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EnglishEdit

 
Front view of a human (Homo sapiens's) skull
 
The skull of a hippopotamus
 
English Wikipedia has an article on:
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Etymology 1Edit

From Middle English scolle, probably from Old Norse skalli (bald head, skull), itself probably related to Old English scealu (husk). Compare Swedish skulle, Norwegian skalle. [1]

Alternative formsEdit

PronunciationEdit

NounEdit

skull (plural skulls)

  1. (anatomy) The main bones of the head considered as a unit; the cranium.
    • 1922, Virginia Woolf, Jacob's Room Chapter 1
      He was about to roar when, lying among the black sticks and straw under the cliff, he saw a whole skull—perhaps a cow's skull, a skull, perhaps, with the teeth in it. Sobbing, but absent-mindedly, he ran farther and farther away until he held the skull in his arms.
  2. A symbol for death; death's-head
  3. A crust formed on the ladle, etc. by the partial cooling of molten metal.
  4. The crown of the headpiece in armour.
  5. (Scotland) A shallow bow-handled basket.
SynonymsEdit
MeronymsEdit


Derived termsEdit
TranslationsEdit
See alsoEdit

VerbEdit

skull (third-person singular simple present skulls, present participle skulling, simple past and past participle skulled)

  1. To hit in the head with a fist, a weapon, or a thrown object.

ReferencesEdit

Etymology 2Edit

See school (a multitude).

NounEdit

skull (plural skulls)

  1. Obsolete form of school.
    • 1586, William Warner, Albion’s England:
      A knavish skull of boys and girls did pelt at him.
    • 1601, Philemon Holland (translator), Pliny the Elder (author), The Historie of the World. Commonly called, The Natvrall Historie of C. Plinivs Secvndvs., book IX, chapter xv: “Of the names and natures of many fishes.”:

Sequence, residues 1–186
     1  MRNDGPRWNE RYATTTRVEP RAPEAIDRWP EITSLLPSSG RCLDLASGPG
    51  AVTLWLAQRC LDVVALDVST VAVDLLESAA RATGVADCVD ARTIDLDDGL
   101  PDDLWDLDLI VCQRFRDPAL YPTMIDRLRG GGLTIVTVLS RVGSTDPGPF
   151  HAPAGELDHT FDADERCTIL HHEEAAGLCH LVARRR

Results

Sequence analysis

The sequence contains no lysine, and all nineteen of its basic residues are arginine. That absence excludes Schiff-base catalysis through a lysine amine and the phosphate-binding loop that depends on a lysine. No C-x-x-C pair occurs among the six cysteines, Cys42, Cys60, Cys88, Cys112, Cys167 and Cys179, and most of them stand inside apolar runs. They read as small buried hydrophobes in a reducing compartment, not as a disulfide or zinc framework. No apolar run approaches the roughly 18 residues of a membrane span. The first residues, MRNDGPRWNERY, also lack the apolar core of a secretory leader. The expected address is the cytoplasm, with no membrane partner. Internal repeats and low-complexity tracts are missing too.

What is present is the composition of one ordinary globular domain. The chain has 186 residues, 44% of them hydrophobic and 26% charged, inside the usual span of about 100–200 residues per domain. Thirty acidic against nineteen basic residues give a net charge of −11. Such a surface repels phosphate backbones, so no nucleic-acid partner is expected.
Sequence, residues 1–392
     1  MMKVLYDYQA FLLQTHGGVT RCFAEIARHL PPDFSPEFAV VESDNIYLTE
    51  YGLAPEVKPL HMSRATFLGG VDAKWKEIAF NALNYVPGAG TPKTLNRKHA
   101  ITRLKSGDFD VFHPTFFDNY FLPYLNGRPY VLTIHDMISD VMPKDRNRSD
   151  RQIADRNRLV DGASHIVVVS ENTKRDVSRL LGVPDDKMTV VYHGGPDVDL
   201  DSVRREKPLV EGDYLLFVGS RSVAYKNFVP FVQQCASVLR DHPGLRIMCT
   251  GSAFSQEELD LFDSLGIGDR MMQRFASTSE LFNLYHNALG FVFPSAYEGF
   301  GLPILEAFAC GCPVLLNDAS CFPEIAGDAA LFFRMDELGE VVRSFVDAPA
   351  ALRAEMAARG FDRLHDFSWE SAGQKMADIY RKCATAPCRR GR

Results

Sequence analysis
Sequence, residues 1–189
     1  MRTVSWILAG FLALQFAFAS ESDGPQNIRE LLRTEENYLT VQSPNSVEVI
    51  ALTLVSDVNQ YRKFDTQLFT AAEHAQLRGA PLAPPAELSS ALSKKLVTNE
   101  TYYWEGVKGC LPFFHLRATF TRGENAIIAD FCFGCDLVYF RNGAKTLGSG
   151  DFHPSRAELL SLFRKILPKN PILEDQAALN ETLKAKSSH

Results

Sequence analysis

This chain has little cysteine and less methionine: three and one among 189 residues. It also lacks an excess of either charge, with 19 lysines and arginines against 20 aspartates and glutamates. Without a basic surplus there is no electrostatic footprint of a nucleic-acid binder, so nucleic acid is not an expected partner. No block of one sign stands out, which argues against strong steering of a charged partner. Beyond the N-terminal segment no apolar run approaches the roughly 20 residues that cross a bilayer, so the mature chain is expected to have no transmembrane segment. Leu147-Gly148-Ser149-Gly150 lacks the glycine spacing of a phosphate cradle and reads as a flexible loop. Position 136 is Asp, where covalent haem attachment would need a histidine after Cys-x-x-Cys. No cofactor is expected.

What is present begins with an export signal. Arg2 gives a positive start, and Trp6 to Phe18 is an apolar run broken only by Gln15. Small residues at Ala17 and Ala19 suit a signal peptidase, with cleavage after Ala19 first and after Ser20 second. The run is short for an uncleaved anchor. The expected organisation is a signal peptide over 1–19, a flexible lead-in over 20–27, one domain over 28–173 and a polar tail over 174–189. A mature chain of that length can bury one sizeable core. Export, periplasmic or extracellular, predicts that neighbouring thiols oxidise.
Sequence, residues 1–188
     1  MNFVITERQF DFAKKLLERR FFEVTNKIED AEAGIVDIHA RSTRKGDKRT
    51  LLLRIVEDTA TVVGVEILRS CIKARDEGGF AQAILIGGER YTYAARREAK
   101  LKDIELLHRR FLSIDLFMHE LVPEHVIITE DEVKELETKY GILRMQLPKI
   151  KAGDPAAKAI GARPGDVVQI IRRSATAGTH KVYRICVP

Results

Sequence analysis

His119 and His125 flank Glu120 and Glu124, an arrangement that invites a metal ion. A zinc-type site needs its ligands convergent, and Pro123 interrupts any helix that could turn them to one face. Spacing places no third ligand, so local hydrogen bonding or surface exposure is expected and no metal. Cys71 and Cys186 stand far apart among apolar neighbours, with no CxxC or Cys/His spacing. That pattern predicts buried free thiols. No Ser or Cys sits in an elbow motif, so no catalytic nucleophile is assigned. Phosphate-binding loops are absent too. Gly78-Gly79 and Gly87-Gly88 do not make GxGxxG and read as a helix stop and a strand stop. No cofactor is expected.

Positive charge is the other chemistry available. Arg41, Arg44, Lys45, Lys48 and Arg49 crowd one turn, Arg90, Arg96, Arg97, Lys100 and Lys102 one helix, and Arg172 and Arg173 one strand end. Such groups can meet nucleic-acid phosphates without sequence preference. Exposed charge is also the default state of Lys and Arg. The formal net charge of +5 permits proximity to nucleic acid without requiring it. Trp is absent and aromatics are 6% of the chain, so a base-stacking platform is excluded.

These fishs, togither with the old Tunies and the young, called Pelamides, enter in great flotes and skulls, into the sea Pontus, for the sweet food that they there find: and every companie of them hath their fever all leaders and captaines; and before them all, the Maquerels lead the way; which, while they be in the water, have a colour of brimstone; but without, like they be to the rest.

Part or all of this entry has been imported from the 1913 edition of Webster’s Dictionary, which is now free of copyright and hence in the public domain. The imported definitions may be significantly out of date, and any more recent senses may be completely missing.
(See the entry for skull in
Webster’s Revised Unabridged Dictionary, G. & C. Merriam, 1913.)

AnagramsEdit


SwedishEdit

EtymologyEdit

  This entry lacks etymological information. If you are familiar with the origin of this term, please add it to the page per etymology instructions. You can also discuss it at the Etymology scriptorium.

PronunciationEdit

NounEdit

skull c

  1. (on someone's) behalf; an archaic form of skuld (debt), used to indicate for whom or why something is done
    för min skull
    for me, because of me, on my behalf
    För edra hjärtans hårdhets skull tillstadde Moses eder att skiljas från edra hustrur
    Moses because of the hardness of your hearts suffered you to put away your wives (Matthew 19:8)

Related termsEdit